November 30, 2010

Ireland’s debt problem

Filed under: Economics, Europe, Humour, Politics — Tags: , , , , , — Nicholas @ 07:48

James Howard Kunstler looks at Ireland’s plight:

When you’re out of the country, as I was last week, it’s good to know that the home folks are keeping up with the Kardashians and bravely venturing into the blood-splattered chambers of cable TV’s latest hit, Bridal Plasty — where candidates for marriage are transformed from Holstein cows into inflatable sex toys by magic surgical technology — not to mention all those humble guardians of freedom who kept the parking lots of WalMart safe for consumerism in the wee small hours of Black Friday. These are, after all, perilous times.

Elsewhere, Ireland and the rest of Europe wore themselves out with soul-searching all week over how to handle national bankruptcy within a currency system that bears only a schematic relation to reality. Does the bankruptee go broke all at once, or is she recruited into permanent debt slavery so that the bond-holders of various banks can keep their loved ones in marzipan and Fauchon’s wonderful marrons glacés for one more holiday season? As of Monday morning, Ireland has been commanded to, er, bend over and pick up the soap, shall we say, for about a hundred billion euros in loans that will not be paid back until a mile-high ice-sheet covers Dublin (something that might happen sooner rather than later if the climate mavens are right).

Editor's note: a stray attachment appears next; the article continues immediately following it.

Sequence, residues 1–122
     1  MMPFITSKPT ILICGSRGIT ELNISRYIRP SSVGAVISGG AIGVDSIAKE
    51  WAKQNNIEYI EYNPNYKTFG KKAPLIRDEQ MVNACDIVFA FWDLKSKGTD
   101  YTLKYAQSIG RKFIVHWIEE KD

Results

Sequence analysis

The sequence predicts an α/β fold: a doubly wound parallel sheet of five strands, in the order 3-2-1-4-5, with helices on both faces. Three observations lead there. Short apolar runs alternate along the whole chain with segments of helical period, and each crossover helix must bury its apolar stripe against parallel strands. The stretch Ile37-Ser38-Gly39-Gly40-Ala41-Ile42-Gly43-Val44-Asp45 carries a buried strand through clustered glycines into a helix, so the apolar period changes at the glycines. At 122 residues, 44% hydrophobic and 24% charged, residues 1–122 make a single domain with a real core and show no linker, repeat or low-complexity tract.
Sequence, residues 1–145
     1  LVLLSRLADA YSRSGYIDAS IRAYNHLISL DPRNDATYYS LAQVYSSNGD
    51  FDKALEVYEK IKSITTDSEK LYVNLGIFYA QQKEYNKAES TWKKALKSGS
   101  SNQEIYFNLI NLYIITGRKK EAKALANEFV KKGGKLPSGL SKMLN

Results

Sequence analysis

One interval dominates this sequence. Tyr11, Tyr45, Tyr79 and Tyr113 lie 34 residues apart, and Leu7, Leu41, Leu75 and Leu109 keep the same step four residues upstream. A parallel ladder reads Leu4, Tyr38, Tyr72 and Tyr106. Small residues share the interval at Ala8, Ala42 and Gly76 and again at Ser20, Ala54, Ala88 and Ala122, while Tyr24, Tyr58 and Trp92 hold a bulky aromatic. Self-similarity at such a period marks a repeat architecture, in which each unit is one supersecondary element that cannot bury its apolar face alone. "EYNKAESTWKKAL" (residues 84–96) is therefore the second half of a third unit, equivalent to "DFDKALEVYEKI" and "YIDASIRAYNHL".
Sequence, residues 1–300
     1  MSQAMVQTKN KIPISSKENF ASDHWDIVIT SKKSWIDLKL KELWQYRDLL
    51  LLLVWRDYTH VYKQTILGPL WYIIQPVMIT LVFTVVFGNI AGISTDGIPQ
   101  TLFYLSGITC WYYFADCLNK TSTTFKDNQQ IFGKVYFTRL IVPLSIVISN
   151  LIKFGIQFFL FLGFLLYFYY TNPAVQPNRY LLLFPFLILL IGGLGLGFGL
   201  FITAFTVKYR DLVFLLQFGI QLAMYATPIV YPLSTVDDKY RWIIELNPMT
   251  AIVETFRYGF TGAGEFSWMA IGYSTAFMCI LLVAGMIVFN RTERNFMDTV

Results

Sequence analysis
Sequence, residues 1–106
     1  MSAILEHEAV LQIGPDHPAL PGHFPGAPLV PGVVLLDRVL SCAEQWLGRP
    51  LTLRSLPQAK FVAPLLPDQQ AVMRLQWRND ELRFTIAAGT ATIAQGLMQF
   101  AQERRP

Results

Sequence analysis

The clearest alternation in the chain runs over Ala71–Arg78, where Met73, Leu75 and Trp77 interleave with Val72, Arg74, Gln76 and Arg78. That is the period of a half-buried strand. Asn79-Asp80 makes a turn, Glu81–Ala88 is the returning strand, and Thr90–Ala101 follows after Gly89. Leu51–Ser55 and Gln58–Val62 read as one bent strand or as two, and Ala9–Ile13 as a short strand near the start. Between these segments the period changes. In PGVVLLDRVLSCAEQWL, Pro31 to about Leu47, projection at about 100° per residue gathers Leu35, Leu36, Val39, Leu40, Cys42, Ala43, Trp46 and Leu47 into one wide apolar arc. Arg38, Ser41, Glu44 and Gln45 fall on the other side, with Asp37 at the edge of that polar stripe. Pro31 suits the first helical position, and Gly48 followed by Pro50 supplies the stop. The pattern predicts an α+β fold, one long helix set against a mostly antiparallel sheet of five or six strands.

We’ll see how this bail-out goes down with the French and German voters, too, who have to pay for it, after all, especially as Portugal, Spain, and Italy line up at the cash cage for their cheques (and bars of soap). Of course, a few more basis points in the interest rate spreads could prang the whole Euro soap opera — does anybody really believe this game of kick-the-can will go on after New Years? I’m not even sure it goes on past this Friday, but I am a notoriously nervous fellow.

This is almost as good as the (temporarily discontinued) daily Financial Briefings from Monty.

H/T to Terry Kinder for the link.

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